With the proper interactions with adults, Molly could learn to better care for herself. As she learns, she will also be gaining independence. As stated earlier, increased independence can lessen the dependence on the need for special services. According to information from the United States Department of Education, of children ages birth to age 2 who receive special services, one-third do not continue will special services when they reach the aged 3 to 5 years preschool age (2005). Keep in mind that these numbers may be subjective and some may argue that they are skewed by a lack of consistency in reevaluation standards. At the same time, the number of children receiving early childhood special education services has increased by 38 percent over a 10-year period, with an estimated 680,000 American children ages 3 to 5 receiving services in 2003 (Socol, 2010). The federal basis that determines who qualifies for programs, falling under the Individuals with Disabilities Education Act, is subjective and primarily labels children as having a “developmental delay.” In the U.S., 44 states have tests to determine if a child qualifies for services.
So, what it all comes down to is that there is no consistency in the types of care given, who receives it, who provides it and how long children are eligible for services. As a result, we are failing our children when they need us the most. Molly is the perfect example of this, unfortunately. The only consistency in her life is that she is either ignored, or treated like a baby. The few hours a week that she spends receiving special education services are not nearly enough to provide any help to Molly because the rest of her time is spent stamping out those ever-so important lessons. Because of this, the hours spent in special services are both a waste of time and money. And this waste will continue as long as there is no positive consistency in the care that Molly receives. But, who makes the determination of what services will be provided, to whole and for how long? Unfortunately, this will likely fall into the political arena, where blame and responsibility are routinely passed. “There is no linear, straight-line path from where we are now to where we want to go in terms of building a viable support system or infrastructure for early childhood (Clifford and Gallagher).” What it comes down to is if we want to help our children, if we want them to be productive and successful, that we have to provide them with the services that they need. “We need to identify and cultivate various powerful sources in the states that could be supporters of the infrastructure concept. Such a power source could be a governor, or a key state legislator, but it could also include professional organizations and business leaders who are convinced of the importance of high-quality early care and education (Clifford and Gallagher).” We have to be willing to make changes, or we will continue to set our children up for failure. We need to do this for all of our children, you would not let the system continue to fail Molly if she were your child would you?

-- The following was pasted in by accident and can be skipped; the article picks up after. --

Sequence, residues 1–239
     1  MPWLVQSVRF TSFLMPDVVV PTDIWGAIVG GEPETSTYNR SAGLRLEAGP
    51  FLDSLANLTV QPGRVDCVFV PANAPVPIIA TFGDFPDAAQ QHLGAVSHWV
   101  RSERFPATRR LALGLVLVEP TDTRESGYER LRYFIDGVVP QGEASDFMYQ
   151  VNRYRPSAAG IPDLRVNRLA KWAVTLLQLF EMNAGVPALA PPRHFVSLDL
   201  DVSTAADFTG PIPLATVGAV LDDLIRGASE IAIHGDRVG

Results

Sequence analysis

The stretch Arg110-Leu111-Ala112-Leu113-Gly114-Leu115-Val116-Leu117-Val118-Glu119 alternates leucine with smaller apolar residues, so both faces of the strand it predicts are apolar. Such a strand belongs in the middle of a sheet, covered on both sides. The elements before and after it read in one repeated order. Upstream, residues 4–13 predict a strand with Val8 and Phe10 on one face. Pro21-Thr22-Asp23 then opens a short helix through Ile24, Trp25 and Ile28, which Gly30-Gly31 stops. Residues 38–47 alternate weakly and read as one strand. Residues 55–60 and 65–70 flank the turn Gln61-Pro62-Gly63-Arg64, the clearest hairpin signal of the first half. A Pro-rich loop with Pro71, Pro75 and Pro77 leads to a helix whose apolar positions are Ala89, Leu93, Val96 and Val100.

Is this an easy problem to fix? No. Is this going to be an easy problem to address? No. Should this slow us down? No. Obviously, it is going to take a lot of hard work to make Molly’s educational situation more productive. It is going to take even more work – probably over the course of years – to change the overall situation for all of the students impacted. But, we should not be deterred by the amount of work required to make progress in establishing a consistency in child care and early childhood education. As educators, it should be our goal to help all of our children. If we can change the system so that all children are experiencing the relationships they need and get the attention they yearn for, then we are closer to giving them the education they all deserve.